The Milky Way — the galaxy in which we float along as an insignificant speck — is estimated to have roughly 100 billion stars. The observable universe, 93 billion light-years across, is believed to have over 100 billion galaxies — many of which are much bigger than our own.

On Wednesday, the European Space Agency released the first data in its effort to create the most precise and detailed 3D map of our little corner of the universe — one that would, once complete, chart over 1 billion stars in the Milky Way.

The data dump pins down the precise position in the sky and the brightness of 1,142 million stars. In addition, it also features the distances and the motions across the sky for more than 2 million stars.

The map, based on observations made using the 10-meter-wide Gaia space observatory between July 2013 and September 2015, shows the density of stars in our galaxy — with brighter regions indicating denser concentrations of stars, and darker regions showing locations with fewer stars.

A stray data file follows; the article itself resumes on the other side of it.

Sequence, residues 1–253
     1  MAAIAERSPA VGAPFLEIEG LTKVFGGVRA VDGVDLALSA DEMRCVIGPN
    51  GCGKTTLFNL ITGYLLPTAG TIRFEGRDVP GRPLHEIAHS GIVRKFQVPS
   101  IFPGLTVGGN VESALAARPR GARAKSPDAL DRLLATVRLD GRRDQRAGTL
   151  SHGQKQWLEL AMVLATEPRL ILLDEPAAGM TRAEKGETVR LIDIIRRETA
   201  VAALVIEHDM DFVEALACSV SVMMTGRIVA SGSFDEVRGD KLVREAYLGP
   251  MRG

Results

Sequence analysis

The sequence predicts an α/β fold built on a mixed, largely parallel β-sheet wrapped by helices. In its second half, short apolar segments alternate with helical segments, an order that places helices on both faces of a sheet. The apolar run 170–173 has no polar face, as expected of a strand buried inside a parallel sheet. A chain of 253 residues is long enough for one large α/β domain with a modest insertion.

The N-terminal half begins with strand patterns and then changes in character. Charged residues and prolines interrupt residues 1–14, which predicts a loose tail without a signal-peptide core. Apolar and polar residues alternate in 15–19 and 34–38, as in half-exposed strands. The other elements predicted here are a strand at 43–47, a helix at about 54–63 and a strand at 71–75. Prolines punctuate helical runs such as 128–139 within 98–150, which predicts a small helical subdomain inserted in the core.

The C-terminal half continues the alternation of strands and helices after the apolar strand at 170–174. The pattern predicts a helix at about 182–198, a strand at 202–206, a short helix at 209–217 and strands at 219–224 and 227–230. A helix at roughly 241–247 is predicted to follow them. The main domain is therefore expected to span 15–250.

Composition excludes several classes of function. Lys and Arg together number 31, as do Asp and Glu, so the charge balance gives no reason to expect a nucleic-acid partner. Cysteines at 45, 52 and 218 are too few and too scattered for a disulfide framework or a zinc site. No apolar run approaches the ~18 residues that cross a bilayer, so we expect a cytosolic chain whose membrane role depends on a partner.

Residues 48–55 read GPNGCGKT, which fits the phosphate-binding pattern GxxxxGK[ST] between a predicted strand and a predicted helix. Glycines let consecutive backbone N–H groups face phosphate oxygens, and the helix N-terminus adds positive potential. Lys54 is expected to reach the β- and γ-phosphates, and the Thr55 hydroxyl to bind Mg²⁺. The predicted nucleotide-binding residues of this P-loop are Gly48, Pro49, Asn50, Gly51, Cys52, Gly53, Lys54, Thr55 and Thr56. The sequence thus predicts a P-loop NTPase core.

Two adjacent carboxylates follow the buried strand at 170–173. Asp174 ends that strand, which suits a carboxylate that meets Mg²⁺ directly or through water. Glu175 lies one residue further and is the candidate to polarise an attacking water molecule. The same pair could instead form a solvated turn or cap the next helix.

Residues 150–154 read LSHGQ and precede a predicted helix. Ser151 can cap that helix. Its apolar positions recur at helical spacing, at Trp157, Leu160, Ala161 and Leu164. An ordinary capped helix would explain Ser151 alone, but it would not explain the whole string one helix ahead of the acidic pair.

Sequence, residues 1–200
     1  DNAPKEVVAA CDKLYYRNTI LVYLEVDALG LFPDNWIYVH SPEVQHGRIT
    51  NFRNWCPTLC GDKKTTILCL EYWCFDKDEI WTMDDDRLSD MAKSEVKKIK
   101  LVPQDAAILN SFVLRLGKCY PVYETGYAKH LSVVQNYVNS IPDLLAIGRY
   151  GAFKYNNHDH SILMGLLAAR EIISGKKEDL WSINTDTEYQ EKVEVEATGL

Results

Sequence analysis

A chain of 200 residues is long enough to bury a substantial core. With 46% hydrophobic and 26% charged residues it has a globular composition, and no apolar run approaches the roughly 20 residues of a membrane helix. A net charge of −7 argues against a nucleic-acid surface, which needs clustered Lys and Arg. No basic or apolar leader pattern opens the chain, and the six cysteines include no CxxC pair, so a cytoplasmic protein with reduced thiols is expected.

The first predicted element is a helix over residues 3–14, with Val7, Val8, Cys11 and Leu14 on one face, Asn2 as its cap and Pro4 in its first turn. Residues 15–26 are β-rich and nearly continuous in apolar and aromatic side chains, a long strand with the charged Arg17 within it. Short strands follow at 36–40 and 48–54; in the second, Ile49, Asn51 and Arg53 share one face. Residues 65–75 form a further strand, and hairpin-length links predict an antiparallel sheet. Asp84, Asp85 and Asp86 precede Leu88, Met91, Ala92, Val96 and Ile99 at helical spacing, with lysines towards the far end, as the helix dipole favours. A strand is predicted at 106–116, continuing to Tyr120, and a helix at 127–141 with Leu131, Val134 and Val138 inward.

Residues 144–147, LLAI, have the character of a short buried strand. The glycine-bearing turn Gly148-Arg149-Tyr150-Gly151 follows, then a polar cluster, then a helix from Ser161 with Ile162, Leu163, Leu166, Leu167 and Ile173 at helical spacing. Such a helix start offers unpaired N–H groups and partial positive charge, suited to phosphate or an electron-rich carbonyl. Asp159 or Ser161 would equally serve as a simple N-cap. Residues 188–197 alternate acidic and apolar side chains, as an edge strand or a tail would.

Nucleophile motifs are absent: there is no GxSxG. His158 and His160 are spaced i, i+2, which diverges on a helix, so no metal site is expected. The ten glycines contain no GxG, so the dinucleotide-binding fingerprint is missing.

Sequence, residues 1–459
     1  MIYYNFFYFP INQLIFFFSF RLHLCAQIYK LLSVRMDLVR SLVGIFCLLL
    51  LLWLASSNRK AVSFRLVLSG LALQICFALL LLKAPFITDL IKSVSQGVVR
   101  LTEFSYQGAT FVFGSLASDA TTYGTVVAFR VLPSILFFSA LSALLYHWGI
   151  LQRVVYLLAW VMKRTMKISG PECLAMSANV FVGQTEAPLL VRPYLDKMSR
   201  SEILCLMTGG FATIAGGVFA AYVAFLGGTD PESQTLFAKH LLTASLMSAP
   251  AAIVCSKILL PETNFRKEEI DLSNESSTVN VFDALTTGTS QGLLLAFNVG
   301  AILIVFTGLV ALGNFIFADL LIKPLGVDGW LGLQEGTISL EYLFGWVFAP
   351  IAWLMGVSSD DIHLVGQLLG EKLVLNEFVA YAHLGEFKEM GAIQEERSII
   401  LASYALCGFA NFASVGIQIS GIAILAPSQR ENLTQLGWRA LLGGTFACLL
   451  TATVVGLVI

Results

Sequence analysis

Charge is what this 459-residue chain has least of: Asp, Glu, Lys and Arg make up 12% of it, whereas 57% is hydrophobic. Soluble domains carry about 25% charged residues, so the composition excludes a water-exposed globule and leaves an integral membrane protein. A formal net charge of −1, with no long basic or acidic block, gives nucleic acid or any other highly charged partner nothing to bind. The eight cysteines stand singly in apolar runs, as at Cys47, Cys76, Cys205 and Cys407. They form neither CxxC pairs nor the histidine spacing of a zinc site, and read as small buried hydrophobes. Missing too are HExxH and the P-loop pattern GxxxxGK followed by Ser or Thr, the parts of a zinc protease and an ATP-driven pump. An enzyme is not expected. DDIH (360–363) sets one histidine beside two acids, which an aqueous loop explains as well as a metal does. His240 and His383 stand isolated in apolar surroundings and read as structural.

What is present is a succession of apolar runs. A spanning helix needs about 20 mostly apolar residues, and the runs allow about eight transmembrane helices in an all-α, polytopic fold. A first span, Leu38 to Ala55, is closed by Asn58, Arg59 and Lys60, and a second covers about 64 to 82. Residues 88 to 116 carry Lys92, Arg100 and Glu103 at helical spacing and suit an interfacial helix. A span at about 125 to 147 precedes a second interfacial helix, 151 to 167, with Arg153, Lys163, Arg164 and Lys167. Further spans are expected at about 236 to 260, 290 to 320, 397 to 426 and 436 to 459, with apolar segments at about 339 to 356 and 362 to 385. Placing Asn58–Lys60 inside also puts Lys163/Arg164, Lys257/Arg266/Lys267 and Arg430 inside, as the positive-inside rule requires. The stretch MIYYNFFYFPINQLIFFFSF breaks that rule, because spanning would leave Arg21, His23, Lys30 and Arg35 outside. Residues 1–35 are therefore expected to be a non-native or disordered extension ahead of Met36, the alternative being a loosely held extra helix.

Several globular and open clusters of stars sprinkled across the Milky Way’s halo — a superhot cloud of dust that surrounds the galaxy — are seen in the map.

The curved lines and dark bands visible in the image are artefacts that will disappear gradually as more data is collected. 

“Gaia is at the forefront of astrometry, charting the sky at precisions that have never been achieved before," Alvaro Giménez, ESA’s director of science, said in a statement. “Today’s release gives us a first impression of the extraordinary data that await us and that will revolutionise our understanding of how stars are distributed and move across our Galaxy.”

In addition to providing a map of unprecedented detail, the data gathered by Gaia would help scientists pinpoint the exact location of the nearest stars by reducing errors in ground-based parallax measurements. In the coming days, months and years, Gaia will make repeated observations to whittle down the errors in parallax angles to just a few micro-arcseconds.

“The beautiful map we are publishing today shows the density of stars measured by Gaia across the entire sky, and confirms that it collected superb data during its first year of operations,” Timo Prusti, Gaia project scientist at ESA, said in the statement.